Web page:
Transcript: Press briefing Q&A with California Corrections Secretary Jeffrey Beard on the state’s new plan to reduce prison population – May 3, 2013

Transcript of press briefing Q&A with Jeffrey Beard, Secretary of the California Department of Corrections and Rehabilitation, on the state’s new plan to reduce prison population to meet the federal court’s order. The press briefing was held on May 3, 2013:

Question:
…It seems as though what the state, the administration is telling the court is two things: Give us the flexibility with that 2,500 number or be prepared for things that are not in the best interest of the state.

CDCR Secretary Jeffrey Beard:
Absolutely. The court has to make the decision but we believe we’ve given a plan to them. As I’ve said, it’s not a good plan but it’s the best of the worst, and you know our hope is that will be suitable for the court and as we move forward.

Question:
You’re hoping then that they’ll give you the flexibility on the 137.5%?

CDCR Secretary Jeffrey Beard:
Absolutely. I can’t speak for the court.

Question:
This plan include the early release of some prisoners…In the end, should the public be worried about public safety…an increase in crime, in violence?

CDCR Secretary Jeffrey Beard:
Well, first of all, I don’t see this as being an early release. An early release is what the plaintiffs want us to do where you go retroactively and just let people out. In this case, you would be rewarding people a little early for good behavior or you would be rewarding people somewhat for completing programs. That, in my mind, is not an early release.

Question:
But would this plan in the end, whether it’s early release or people getting out in other times other than when they would have, are we compromising public safety?

CDCR Secretary Jeffrey Beard:
I think as we’ve said we don’t like the plan. It’s the best thing we could come up with. One of the reasons to reduce the impact on public safety is to focus on the non-violent offenders and that’s why there would only be non-violent offenders as part of the plan.

Question:
One of the things the court was looking for in this plan is that [inaudible audio]…to prevent the prisons from being overcrowded again. Are you confident that your measures can do that for the long term?

CDCR Secretary Jeffrey Beard:
We believe that the measures we’re putting forward will meet what the court wants and going forward, we believe that the remedy can be durable, yes.

Question:
Even though it seems like most of it is based on instructions that we’re seeing inmates are going to continue to age in our system and how sustainable is leasing beds…?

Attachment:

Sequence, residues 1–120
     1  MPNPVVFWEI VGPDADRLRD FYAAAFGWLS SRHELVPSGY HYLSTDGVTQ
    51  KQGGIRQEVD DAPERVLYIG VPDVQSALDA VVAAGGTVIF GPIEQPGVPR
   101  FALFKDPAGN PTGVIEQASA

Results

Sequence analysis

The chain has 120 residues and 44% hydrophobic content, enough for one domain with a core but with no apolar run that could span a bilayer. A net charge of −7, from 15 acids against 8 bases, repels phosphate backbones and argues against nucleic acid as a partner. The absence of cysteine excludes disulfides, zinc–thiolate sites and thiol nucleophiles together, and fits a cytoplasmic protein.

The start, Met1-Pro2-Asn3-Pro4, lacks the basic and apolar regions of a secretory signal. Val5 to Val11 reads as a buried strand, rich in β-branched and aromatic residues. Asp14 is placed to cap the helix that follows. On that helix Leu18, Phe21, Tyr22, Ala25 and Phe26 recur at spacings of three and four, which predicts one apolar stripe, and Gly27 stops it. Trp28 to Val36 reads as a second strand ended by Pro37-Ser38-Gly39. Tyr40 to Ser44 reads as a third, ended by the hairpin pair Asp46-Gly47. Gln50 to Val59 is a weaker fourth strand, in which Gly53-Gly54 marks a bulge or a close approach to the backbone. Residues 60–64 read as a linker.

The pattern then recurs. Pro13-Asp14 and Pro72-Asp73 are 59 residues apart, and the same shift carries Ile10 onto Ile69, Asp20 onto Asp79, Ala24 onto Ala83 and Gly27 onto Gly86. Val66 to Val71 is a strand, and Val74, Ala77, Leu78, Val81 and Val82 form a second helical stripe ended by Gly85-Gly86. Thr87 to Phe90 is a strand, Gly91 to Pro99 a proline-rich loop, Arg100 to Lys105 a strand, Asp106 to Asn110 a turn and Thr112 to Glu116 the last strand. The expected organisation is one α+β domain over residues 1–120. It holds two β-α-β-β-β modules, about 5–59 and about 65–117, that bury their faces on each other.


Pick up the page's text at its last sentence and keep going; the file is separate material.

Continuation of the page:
CDCR Secretary Jeffrey Beard:
Well, we plan to get out of leasing the out-of-state beds as soon as we can. I’ve already said that I think out-of-state is a necessary evil and it creates a lot of complications. My plan would be to reduce that as much as we can and then to try to reduce the reliance on other leased beds as soon as we can as well. As we move to the out years we do get more benefit from some of the things that are being proposed here.

Question:
What are some of the things that specifically will need legislative approval?

CDCR Secretary Jeffrey Beard:
Everything that is in our plan will need legislative approval with the exception of the expanded fire camps because it either requires more money or it requires some change in state law.

Question:
Given that you announced that your plan falls short of what the court in strong language in April asked you to do, are you confident this will allow you to avoid being held in contempt?

CDCR Secretary Jeffrey Beard:
I would certainly hope so and again I can’t speak for the court. Look, we did the best we could do for the people of California and protect the public safety. And you know, that’s all I can say. We can’t do any more without creating huge problems for the counties, without creating huge problems for this historic realignment that occurred, and without creating huge problems for the public safety, and we just won’t do that.

Question:
[Inaudible audio]

CDCR Secretary Jeffrey Beard:
Again, I can’t speak for the court…Well, the court has asked us within 100 days and now I guess since it’s 21 days so we have about 79 days I guess to give the court a list of what are considered low-risk offenders and so I guess they could potentially take that list and order releases from that list. However, I would remind everybody that low risk does not mean no risk and we would certainly not want the courts to do that and my hope is that they wouldn’t.

Question:
[Inaudible audio]

CDCR Secretary Jeffrey Beard:
Well, there’s still people. When you look at low-risk, you see that’s the problem. The only remaining – and that’s a good point because the only remaining low-risk people that are left in the system are people you might consider serious and violent offenders. They are low risk to recidividate maybe but still they are serious offenders and that’s the group the court would have to order to release from.

Question:
Yet you feel that you have enough low-risk people within that serious offender population to move to minimum security fire camps?